From August 2 to 18 there are fourteen Norwegian reptile hunters doing field work at the foot of the Janus Mountain in Svalbard, digging for remains of prehistoric sea monsters from the Jurassic period.And it's all being streamed live, via four webcams. [more inside]
In 1916, Bone War veteran (and poet) Charles H. Sternberg loaded 22 crates of fossils from the Alberta Badlands onto the SS Mount Temple, intending to ship them to the British Museum of Natural History. They never made it. [via Dinosaur Tracking]
There is no evidence that Quetzalcoatlus could see dinosaur pee with its ultraviolet vision, or that a herd of hadrosaurs could knock over a predator with their concentrated infrasound blasts.
Paleontologist Matt Wedel was a talking head in the Discovery Channel's Clash of the Dinosaurs, but was not very happy with the final product. The production company, Dangerous, responds. Finally, the Discovery Channel steps up.
The Strange Lives of Polar Dinosaurs: How did they endure months of perpetual cold and dark? See also Taking A Dinosaur's Temperature: Polar species heat up one of paleontology's great debates. And Bones To Pick: Paleontologist William Hammer hunts dinosaur fossils in the Antarctic. From Smithsonian Magazine.
John Updike writes about bizarre dinosaurs for National Geographic. "How weird might a human body look to them? That thin and featherless skin, that dish-flat face, that flaccid erectitude, those feeble, clawless five digits at the end of each limb, that ghastly utter lack of a tail—ugh. Whatever did this creature do to earn its place in the sun, a well-armored, nicely specialized dino might ask. " Besides the Updike essay there's a image gallery, an interview with John Updike [audio starts automatically], a dino IQ test, an audio critique of the way dinosaurs have been depicted in the latter half of the 20th Century [audio starts automatically], a closer look at the odder features of some of the stranger dinosaurs, an examination of the nigersaurus (images) as well as dinosaur wallpapers and jigsaw puzzles. [via MeFi's Own ed]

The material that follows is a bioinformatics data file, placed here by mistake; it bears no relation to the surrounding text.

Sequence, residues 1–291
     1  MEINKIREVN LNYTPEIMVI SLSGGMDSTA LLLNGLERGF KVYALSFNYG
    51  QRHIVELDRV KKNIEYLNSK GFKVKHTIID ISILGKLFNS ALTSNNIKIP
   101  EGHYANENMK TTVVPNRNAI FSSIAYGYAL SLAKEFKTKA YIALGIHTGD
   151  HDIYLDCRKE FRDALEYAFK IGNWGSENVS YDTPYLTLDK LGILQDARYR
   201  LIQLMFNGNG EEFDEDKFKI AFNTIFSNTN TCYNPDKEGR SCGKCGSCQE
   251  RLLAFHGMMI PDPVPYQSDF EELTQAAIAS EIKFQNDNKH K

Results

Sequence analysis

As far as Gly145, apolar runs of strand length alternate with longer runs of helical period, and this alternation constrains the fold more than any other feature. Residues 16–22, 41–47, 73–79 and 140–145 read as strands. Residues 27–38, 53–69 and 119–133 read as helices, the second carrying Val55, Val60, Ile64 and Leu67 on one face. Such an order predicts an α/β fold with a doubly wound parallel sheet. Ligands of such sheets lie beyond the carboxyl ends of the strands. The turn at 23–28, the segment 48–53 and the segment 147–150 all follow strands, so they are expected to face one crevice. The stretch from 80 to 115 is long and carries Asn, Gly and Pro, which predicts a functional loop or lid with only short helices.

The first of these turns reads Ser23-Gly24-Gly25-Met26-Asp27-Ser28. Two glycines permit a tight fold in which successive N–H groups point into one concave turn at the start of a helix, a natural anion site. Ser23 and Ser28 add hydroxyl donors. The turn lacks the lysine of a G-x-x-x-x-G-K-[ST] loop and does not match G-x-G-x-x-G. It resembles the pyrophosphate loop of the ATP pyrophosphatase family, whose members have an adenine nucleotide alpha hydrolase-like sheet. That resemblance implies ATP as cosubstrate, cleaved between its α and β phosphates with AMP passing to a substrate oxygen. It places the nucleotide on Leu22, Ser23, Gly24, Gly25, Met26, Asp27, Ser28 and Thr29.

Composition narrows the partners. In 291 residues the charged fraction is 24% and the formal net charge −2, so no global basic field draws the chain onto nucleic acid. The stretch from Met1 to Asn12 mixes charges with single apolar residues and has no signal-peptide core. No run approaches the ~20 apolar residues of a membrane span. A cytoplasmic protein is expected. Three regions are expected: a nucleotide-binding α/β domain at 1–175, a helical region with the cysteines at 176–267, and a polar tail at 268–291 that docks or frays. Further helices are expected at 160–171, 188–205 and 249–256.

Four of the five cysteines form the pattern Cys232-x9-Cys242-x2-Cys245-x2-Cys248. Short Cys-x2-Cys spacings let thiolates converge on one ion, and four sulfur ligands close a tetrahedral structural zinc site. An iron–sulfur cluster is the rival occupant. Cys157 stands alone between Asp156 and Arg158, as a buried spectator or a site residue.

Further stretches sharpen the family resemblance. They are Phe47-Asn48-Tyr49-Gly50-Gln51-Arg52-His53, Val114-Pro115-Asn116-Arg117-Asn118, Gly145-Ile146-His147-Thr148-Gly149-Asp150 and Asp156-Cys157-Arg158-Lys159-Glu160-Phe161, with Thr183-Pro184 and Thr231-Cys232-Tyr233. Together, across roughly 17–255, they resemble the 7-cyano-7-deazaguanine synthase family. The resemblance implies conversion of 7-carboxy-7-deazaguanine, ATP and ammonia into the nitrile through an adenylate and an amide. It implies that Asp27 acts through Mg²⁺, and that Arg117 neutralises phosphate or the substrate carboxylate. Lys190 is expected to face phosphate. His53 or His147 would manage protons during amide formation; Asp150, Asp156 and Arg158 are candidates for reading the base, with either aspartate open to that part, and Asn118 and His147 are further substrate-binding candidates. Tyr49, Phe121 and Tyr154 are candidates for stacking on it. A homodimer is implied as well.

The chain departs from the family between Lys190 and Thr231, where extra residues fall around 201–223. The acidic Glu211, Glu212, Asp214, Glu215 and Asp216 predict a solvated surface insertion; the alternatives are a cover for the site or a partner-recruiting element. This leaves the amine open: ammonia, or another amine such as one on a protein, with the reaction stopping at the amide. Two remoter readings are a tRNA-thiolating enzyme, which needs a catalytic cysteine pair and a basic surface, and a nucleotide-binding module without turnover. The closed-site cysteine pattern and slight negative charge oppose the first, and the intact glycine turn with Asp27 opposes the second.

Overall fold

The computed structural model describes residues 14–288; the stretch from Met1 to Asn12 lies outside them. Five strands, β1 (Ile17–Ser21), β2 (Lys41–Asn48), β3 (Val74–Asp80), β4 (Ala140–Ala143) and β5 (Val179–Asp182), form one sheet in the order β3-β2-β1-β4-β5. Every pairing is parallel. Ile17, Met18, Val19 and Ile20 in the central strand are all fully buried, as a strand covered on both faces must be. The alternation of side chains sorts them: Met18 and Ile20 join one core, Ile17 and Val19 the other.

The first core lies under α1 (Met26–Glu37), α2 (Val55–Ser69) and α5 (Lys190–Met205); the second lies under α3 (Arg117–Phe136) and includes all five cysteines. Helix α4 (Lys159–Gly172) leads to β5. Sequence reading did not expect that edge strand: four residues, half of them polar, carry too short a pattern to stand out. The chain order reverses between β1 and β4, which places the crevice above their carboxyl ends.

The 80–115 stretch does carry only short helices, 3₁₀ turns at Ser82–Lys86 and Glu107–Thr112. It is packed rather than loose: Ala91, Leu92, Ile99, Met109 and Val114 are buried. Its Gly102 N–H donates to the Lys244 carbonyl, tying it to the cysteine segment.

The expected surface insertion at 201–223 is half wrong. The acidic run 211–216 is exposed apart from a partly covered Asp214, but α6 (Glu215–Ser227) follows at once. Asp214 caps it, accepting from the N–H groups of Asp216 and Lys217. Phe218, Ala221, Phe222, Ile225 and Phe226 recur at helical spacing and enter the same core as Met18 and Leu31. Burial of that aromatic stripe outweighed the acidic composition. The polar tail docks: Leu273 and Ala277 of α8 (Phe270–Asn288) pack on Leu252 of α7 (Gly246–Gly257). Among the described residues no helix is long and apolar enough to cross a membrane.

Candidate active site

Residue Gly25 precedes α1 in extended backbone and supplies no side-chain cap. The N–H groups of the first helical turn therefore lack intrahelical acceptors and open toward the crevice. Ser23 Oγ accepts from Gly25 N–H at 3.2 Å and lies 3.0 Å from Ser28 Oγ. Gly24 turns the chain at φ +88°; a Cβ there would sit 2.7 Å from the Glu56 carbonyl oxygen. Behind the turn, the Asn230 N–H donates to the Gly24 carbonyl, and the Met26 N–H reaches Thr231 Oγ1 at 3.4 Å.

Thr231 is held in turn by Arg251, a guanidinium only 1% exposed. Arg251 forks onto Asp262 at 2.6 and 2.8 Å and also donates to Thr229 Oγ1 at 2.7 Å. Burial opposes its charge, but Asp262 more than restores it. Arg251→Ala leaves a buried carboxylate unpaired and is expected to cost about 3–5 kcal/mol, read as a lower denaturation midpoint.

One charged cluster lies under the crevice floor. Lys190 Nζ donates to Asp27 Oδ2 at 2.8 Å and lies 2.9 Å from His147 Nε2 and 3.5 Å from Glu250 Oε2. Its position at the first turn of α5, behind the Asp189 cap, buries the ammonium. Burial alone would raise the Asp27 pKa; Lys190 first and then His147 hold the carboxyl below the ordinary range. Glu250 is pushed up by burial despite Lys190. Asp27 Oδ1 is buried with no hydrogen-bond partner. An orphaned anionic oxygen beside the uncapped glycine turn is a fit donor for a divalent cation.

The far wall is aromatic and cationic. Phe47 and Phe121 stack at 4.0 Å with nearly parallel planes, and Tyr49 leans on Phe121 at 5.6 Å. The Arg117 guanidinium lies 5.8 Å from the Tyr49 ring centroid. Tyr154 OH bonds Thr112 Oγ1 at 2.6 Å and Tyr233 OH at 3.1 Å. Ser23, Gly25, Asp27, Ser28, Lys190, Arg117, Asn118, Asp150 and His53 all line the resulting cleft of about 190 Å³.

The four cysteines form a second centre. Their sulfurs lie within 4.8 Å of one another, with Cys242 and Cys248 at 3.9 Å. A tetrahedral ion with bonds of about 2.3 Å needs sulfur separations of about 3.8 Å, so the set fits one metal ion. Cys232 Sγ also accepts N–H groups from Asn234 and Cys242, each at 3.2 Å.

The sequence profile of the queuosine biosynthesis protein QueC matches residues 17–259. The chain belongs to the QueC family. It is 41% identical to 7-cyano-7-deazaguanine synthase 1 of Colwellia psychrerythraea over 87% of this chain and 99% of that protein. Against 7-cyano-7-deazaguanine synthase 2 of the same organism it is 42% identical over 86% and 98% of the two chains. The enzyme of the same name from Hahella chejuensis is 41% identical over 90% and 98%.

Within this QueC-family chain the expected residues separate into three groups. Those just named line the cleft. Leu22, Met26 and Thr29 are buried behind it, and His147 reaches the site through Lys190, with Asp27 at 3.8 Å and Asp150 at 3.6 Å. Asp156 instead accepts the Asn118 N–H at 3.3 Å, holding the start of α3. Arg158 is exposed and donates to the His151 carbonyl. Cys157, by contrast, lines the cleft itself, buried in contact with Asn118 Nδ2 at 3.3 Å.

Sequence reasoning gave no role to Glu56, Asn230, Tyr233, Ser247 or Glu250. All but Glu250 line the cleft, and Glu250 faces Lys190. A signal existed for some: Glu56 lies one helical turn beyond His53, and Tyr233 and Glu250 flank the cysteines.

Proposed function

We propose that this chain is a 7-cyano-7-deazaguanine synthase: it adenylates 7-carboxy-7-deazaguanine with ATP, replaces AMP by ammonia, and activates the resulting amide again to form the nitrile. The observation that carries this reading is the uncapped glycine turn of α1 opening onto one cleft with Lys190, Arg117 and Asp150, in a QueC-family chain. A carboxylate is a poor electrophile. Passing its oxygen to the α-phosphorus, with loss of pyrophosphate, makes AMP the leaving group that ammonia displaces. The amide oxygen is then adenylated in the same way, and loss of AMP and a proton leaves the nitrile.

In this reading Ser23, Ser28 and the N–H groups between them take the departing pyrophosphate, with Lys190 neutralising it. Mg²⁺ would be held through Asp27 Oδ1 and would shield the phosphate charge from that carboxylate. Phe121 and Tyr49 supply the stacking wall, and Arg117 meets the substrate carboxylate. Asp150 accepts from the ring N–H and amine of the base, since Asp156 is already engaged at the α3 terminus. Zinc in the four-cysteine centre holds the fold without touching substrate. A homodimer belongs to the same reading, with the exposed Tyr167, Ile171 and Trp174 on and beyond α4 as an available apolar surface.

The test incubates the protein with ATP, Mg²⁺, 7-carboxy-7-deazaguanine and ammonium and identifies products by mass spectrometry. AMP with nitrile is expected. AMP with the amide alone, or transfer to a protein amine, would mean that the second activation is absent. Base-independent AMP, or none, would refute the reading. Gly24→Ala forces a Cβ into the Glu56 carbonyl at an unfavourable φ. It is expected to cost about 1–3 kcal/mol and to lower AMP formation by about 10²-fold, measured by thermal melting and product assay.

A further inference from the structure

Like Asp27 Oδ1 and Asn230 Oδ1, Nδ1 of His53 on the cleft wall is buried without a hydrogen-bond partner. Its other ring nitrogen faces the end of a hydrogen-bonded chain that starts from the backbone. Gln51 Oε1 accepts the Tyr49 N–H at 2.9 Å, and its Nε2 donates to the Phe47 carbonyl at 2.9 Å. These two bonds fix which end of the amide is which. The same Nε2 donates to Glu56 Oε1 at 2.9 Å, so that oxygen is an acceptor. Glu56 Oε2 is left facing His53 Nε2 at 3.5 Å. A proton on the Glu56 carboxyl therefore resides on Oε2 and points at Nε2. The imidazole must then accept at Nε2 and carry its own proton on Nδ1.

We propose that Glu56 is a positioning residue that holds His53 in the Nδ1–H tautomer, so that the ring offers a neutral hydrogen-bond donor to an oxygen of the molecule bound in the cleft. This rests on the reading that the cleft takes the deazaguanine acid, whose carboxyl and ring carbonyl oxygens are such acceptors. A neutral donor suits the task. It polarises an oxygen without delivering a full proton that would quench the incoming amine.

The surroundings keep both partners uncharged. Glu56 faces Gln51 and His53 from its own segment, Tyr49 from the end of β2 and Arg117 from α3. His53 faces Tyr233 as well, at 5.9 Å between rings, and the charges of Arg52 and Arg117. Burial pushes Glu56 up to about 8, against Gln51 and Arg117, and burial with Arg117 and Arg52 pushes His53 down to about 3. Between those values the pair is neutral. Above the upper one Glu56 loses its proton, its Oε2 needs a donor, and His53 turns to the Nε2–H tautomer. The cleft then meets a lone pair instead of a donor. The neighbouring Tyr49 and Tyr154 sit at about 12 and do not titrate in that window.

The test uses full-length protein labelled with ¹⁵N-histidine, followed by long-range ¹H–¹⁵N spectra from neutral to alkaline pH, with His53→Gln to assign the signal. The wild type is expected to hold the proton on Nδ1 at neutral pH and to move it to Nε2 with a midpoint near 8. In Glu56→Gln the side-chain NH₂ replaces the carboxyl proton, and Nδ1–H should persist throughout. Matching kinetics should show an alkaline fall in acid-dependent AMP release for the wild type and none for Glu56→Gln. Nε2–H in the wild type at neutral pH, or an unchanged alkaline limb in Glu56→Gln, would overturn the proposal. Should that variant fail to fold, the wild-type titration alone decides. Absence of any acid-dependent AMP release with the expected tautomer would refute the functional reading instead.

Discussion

Tracks of Swimming Dinosaur found in Wyoming The tracks of a previously unknown, two-legged swimming dinosaur have been identified along the shoreline of an ancient inland sea that covered Wyoming 165 million years ago, according to a University of Colorado at Boulder graduate student.
Bone Wars is an educational game that "simulates the process of creating a scientific hypothesis and testing it against new data" (A good thing to teach kids with people like these guys running around). The game is based on the legendary Cope/Marsh feud: a conflict that caused one Dinosaur to be classified twice and could make for a really cool movie someday.